- Over the past decade, the number of fatalities has varied from year to year
- In 2014, 62 fatal crashes involved motorcyclists
- In 2015, 50 motorcyclists died in accidents (an 8.7 statewide decrease)
- Primary cause of motorcycle accident crashes and fatalities were reported as: alcohol impairment, unsafe speeds and rider distraction
Motorcycle fatalities in New York on the rise
In New York, statistics paint an equally dire picture when it comes to motorcycle accidents. More than 15 percent of all fatalities from vehicle-related crashes in the state involve motorcyclists. According to New York’s Institute for Traffic Safety Management and Research, 75 motorcyclists have died in Rockland, Putnam, Orange, Westchester and Dutchess counties since 2012.
- In 2012 and 2013, there were 164 motorcycle riders killed in crashes
- In 2014, 146 motorcyclists died in crashes
- In 2015, New York state motorcycle fatalities were tallied at 154
Data compiled by the Institute for Traffic Safety and Research found that people in their 20’s accounted for more than a quarter of all New York motorcycle accident fatalities and alcohol involvement in other drivers was apparent in 2 percent of all reported accidents involving serious injury and death.
Both New York and New Jersey have laws requiring all motorcycle operators and passengers to wear a protective safety helmet when riding. Research has shown that motorcyclists (and their passengers) who do not wear helmets are three times more likely to sustain a brain injury in an accident – a leading cause of death in motorcycle crashes.
Legal advocacy for injured motorcyclists
Pursuing a personal injury or wrongful death claim following a motorcycle accident requires the knowledge and skills of an experienced attorney. Kantrowitz, Goldhamer & Graifman offer aggressive representation and a long track record of impressive case results. Protect your rights to fair compensation for medical bills, pain and suffering and a reduced quality of life by partnering with a motorcycle accident lawyer Bergen County trusts.
To arrange a free, confidential consultation, please contact our Bergen County or Rockland County, NY offices today.
Additional NY & NJ Motorcycle Accident Resources:
- New Jersey Dept. of Law and Safety, Motorcycle Safety Resources http://www.nj.gov/lps/hts/motorcycle/
- NY State Dept. of Health, Motor Vehicle Traffic Crash Statistics: New York State Residents https://www.health.ny.gov/statistics/prevention/injury_prevention/traffic/county_of_residence.htm
- Insurance Information Institute, Motorcycle Crashes Data http://www.iii.org/issue-update/motorcycle-crashes
- New Jersey 101.5, Will recent motorcycle deaths increase NJ fatality rate? http://nj1015.com/will-recent-motorcycle-deaths-increase-nj-fatality-rate/
- LoHud, Parkways pretty but deadly for motorcyclists http://www.lohud.com/story/news/investigations/2016/08/10/motorcycle-deaths-speeding/88304512/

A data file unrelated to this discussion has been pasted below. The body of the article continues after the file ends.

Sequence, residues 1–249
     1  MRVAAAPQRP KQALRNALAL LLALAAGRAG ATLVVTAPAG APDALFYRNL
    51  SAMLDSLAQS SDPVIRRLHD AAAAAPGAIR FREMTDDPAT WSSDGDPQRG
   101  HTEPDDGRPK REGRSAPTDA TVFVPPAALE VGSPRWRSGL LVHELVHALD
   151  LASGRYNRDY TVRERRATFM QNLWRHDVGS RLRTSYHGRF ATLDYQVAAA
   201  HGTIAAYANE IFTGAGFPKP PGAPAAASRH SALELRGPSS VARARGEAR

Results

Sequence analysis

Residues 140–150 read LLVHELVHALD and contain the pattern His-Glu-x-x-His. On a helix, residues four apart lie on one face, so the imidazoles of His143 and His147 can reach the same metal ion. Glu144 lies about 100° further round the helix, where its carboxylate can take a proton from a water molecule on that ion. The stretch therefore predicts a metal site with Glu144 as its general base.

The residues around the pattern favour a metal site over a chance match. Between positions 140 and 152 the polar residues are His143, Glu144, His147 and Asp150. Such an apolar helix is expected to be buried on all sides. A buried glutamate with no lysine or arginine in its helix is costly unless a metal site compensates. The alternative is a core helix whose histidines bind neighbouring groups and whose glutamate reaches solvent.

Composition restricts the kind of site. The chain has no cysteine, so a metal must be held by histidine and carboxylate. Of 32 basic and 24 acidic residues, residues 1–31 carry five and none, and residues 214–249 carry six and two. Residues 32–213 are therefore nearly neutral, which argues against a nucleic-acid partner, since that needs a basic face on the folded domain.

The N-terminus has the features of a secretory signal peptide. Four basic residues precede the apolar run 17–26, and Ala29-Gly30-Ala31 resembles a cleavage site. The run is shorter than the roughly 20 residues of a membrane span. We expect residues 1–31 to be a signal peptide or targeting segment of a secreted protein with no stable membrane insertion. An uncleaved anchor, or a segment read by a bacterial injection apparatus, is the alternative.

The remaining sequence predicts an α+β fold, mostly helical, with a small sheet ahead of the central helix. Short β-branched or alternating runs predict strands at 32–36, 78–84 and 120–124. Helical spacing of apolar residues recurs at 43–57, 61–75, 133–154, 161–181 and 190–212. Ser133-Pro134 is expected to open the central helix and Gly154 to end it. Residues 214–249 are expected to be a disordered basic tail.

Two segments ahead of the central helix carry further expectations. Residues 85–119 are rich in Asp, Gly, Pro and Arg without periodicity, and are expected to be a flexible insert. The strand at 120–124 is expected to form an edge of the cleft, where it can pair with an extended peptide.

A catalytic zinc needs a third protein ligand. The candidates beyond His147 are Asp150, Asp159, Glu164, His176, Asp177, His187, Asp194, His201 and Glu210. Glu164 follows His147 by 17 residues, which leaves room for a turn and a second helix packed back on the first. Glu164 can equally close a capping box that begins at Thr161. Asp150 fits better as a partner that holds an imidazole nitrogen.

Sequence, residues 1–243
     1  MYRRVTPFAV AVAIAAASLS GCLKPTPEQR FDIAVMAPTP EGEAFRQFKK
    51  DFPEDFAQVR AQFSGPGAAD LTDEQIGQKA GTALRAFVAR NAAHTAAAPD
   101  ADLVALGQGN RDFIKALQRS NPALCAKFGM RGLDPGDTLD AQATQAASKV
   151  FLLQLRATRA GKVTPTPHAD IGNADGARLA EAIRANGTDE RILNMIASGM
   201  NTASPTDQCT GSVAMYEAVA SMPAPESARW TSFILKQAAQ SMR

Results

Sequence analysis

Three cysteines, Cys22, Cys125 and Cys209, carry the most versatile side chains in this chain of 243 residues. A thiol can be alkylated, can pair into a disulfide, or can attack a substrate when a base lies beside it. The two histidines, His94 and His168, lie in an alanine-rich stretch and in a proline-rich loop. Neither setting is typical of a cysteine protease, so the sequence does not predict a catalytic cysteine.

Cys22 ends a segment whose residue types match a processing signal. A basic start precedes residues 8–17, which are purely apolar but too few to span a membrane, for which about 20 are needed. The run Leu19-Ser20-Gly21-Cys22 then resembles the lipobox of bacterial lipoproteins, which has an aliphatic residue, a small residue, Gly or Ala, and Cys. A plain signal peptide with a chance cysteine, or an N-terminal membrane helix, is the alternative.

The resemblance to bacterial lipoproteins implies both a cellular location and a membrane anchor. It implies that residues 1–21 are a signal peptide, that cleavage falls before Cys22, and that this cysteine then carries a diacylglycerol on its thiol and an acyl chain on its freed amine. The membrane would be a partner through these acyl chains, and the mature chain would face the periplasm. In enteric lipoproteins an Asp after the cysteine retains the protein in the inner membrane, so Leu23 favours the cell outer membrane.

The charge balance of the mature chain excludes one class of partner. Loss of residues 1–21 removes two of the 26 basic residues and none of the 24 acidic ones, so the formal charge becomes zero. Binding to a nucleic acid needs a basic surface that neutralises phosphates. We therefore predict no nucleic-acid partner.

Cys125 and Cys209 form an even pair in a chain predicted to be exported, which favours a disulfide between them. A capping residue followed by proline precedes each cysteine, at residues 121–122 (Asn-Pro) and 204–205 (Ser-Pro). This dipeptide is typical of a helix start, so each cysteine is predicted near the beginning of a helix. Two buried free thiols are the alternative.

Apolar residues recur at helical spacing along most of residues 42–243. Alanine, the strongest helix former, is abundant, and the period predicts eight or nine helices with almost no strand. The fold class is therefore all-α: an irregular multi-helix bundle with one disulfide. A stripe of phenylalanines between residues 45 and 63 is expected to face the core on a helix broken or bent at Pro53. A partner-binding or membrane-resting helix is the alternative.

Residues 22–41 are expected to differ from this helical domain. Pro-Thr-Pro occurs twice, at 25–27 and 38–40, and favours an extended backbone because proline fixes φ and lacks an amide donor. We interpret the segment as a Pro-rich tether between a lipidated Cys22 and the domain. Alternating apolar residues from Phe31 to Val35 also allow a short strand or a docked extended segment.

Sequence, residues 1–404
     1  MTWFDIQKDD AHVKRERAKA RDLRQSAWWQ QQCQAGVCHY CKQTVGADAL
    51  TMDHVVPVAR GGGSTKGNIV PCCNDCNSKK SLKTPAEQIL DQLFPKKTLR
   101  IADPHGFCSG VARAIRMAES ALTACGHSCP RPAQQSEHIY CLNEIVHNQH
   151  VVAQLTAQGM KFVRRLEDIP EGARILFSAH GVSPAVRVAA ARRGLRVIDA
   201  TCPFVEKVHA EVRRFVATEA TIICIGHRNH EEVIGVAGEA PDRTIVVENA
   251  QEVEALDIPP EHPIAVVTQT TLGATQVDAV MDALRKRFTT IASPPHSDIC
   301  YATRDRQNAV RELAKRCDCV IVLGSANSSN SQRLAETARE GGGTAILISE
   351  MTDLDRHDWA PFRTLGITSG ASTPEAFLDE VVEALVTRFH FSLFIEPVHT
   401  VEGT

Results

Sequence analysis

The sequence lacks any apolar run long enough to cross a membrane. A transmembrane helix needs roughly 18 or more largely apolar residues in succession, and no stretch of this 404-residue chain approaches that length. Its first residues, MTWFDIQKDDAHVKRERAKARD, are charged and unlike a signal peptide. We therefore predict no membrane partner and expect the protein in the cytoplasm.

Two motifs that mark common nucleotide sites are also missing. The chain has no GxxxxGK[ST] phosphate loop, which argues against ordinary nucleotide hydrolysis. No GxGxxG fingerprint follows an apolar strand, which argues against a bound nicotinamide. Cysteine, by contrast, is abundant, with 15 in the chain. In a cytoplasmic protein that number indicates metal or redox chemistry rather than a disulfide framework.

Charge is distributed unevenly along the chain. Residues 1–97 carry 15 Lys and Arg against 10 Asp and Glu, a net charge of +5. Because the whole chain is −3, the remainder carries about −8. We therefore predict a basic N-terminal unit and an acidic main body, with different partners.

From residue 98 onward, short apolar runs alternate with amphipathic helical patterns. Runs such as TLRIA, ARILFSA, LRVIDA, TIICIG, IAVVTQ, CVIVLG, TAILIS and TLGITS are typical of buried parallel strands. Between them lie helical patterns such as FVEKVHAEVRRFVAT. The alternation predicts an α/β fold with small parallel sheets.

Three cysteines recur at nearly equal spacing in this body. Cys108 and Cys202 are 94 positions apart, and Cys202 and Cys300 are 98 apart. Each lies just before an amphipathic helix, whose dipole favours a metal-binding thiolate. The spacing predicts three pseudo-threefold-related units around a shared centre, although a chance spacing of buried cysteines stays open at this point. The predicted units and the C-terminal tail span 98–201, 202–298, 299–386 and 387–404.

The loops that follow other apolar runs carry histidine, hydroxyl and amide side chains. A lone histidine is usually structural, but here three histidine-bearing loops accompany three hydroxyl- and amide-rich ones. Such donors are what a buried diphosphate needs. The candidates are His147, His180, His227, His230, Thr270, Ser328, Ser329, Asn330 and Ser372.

A man was seriously injured in an eight-vehicle crash on southbound Interstate 684 on 14th Oct that closed two lanes and backed up traffic for miles.
A Carmel man riding a motorcycle was involved in the second crash, state police said. He was transported to Westchester Medical Center in Valhalla and remains in critical condition. Police did not release any further information about the motorcyclist because his family has yet to be notified.
Motorcycle accidents are a very common problem on the roadways. Motorcyclists are very vulnerable to their surroundings due to the motorcycle’s size, and lack of protective enclosure. These accidents are completely preventable. The majority of the time they are mishaps due to carelessness and lack of attention to the road. With the proper education and safety precautions, both riders and automobile drivers can share the road in harmony.
The way liability is decided in motorcycle accidents is through the law of negligence. This is the act of an individual behaving in a reckless or careless matter, resulting in injury to another party. If a driver is not reasonably careful and aware of the other people on the road, they are found liable of the accident. More often than not, the automobile driver is found guilty of negligence in such cases, due to the fact that it can be very difficult to see motorcycle riders due to their size and their speed. However, motorcycle riders have also been found guilty in these cases due to abrupt lane changes, reckless riding, and riding under the influence. Sometimes the accident may not be the fault of any particular party, but of the motorcycle itself. Such instances can be due to a manufacture problem, or a dangerous bike design. The attorneys at KGG law can help in the event of any of these situations, and are experienced in giving the proper representation.